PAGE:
Before he runs out of time, Irish bon vivant Malachy McCourt shares his views on death - sometimes hilarious and often poignant - and on what will or won't happen after his last breath is drawn.
During the course of his life, Malachy McCourt practically invented the singles bar and was a pioneer in talk radio, a soap opera star, a best-selling author, a gold smuggler, a political activist, and a candidate for governor of the state of New York.
It seems that the only two things he hasn't done are stick his head into a lion's mouth and die. Since he is allergic to cats, he decided to write about the great hereafter and answer the question on most minds: What's so great about it anyhow?
In Death Need Not Be Fatal, McCourt also trains a sober eye on the tragedies that have shaped his life: the deaths of his sister and twin brothers; the real story behind Angela's famous ashes; and a poignant account of the death of the man who left his mother, brothers, and him to nearly die in squalor. McCourt writes with deep emotion of the staggering losses of all three of his brothers, Frank, Mike, and Alphie. In his inimitable way, McCourt takes the grim reaper by the lapels and shakes the truth out of him.
As he rides the final blocks on his Rascal scooter, he looks, too, at the prospect of his own demise with emotional clarity and insight. In this beautifully rendered memoir, McCourt shows us how to live life to its fullest, how to grow old without acting old, and how to die without regret.
"The idea of death may indeed take away a lot of things, but it cannot take away a great man's sense of humour. Malachy McCourt, as always, goes to the coalface and manages to dig out a tunnel of light." (Colum McCann, author of Let the Great World Spin)
"A lovely 'wee' book with a huge questing soul. Written with a twinkle in one eye and a tear in the other. Mr. McCourt writes with an openness and rawness about a Dickensian childhood and a life richly lived thereafter, discovering along the way the liberation of true forgiveness and the healing quality of love. I couldn't put it down." (Liam Neeson)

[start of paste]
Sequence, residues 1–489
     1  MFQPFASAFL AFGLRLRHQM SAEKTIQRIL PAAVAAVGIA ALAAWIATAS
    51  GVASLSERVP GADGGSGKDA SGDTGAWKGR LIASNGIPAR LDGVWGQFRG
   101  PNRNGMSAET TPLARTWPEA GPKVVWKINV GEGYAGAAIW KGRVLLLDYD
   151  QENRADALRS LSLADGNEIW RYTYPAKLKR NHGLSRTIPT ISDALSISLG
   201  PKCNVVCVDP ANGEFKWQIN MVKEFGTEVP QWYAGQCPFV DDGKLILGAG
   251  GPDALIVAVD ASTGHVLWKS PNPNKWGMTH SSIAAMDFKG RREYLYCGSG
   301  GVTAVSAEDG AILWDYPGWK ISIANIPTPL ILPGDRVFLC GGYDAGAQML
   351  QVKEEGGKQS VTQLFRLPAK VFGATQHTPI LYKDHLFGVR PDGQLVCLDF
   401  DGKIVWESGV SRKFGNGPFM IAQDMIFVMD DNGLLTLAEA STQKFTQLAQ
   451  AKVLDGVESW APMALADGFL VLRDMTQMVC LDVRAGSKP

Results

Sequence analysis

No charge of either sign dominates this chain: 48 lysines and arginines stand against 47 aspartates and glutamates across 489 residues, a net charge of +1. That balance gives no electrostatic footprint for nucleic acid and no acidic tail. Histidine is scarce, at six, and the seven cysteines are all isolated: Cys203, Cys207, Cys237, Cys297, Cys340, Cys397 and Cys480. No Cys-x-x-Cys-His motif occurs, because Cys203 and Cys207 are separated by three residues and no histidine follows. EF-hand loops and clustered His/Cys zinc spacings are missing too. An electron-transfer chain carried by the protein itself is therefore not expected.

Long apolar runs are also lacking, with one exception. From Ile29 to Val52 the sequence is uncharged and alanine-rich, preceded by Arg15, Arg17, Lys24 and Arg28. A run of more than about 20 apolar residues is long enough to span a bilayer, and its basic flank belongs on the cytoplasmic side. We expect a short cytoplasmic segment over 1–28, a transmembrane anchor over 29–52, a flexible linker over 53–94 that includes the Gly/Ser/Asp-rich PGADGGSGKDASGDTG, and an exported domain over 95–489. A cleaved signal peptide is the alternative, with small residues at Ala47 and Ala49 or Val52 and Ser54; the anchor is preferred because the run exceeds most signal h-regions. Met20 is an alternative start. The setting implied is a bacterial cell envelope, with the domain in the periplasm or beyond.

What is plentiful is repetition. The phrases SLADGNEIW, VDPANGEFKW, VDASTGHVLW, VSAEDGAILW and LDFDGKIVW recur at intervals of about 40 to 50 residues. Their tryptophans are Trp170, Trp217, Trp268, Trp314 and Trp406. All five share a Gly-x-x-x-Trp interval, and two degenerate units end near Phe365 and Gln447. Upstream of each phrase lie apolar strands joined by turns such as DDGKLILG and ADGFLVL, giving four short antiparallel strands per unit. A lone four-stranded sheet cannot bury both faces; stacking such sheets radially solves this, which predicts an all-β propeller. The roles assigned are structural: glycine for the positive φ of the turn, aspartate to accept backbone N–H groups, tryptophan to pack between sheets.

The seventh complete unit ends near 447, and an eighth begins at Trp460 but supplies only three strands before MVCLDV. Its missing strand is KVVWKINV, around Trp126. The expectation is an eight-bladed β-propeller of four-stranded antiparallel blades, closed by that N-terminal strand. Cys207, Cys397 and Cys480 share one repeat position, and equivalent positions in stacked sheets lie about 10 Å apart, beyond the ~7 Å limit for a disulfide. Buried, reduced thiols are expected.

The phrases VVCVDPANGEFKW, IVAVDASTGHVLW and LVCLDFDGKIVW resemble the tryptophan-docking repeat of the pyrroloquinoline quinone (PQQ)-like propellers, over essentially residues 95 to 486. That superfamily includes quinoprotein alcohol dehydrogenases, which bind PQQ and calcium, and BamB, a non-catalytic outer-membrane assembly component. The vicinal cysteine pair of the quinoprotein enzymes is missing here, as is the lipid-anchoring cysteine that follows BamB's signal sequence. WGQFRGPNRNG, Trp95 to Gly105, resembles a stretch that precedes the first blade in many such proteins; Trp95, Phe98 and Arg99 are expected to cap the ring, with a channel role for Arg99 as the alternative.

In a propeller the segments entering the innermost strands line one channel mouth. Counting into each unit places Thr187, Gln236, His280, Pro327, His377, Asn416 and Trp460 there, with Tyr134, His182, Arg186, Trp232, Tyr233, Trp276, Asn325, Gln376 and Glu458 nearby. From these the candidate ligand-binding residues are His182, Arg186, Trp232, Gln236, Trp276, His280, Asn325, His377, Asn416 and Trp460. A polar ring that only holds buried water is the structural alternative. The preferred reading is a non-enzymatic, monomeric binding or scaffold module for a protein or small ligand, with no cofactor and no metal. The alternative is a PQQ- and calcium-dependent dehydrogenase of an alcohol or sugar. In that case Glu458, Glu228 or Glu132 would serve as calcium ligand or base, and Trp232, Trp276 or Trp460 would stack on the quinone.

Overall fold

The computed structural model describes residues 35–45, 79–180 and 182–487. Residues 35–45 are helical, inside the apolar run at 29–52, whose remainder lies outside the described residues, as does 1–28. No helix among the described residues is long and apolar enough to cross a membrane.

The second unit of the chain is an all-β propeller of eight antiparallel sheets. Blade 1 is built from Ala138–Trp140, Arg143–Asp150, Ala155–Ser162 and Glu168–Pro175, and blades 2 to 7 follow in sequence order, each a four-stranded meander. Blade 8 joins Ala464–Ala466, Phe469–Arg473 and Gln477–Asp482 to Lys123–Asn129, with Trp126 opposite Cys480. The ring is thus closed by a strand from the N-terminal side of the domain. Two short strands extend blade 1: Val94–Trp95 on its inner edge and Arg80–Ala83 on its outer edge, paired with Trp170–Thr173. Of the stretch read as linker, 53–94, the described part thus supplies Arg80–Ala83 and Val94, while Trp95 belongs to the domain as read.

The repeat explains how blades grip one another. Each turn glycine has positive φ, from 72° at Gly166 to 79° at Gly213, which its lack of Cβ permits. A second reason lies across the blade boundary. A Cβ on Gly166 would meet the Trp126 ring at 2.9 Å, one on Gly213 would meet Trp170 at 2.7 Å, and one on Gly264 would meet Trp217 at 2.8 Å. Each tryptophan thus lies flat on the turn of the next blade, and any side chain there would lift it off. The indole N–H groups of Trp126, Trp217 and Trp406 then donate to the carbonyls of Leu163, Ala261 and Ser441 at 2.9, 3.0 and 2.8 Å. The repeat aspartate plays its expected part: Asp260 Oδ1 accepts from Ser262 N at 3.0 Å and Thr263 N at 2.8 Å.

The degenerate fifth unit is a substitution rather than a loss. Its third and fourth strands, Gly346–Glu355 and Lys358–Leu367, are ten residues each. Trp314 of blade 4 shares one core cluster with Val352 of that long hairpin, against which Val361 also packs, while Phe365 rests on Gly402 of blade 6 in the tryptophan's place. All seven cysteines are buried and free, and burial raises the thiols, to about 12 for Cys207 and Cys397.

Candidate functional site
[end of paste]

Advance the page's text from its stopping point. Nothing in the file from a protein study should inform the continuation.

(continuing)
"Malachy McCourt is a born storyteller. The colorful reflections on his life and his musings about death are lyrical and bittersweet, and of course given the author, filled with humor." (Ed Burns)
We've sent an email with your order details. Order ID #:
To access this title, visit your library in the app or on the desktop website.
What a life lived and shared!
This perhaps is not my favorite memoir. There is a great deal of sadness, loss, brutal poverty, and generally the harm humans do to each other and themselves. But, the perspective on life this man has, the obstacles he has overcome, the success he has achieved and the celebrity he has endured; all make for a most memorable read. He narrates the book himself, with a sly Irish accent, and an abundance of wit and humor. Sometimes he even breaks into song!
He is the brother of the famous Frank McCourt whose book I have not read, perhaps being writers is built into their DNA, I don't know. But I do know I will remember this book, and this man, for years to come.
Yes, Malachy is funny and his brogue is just like my grandmothers!
it's not anything like Angela's Ashes, but he compliments Frank's story well.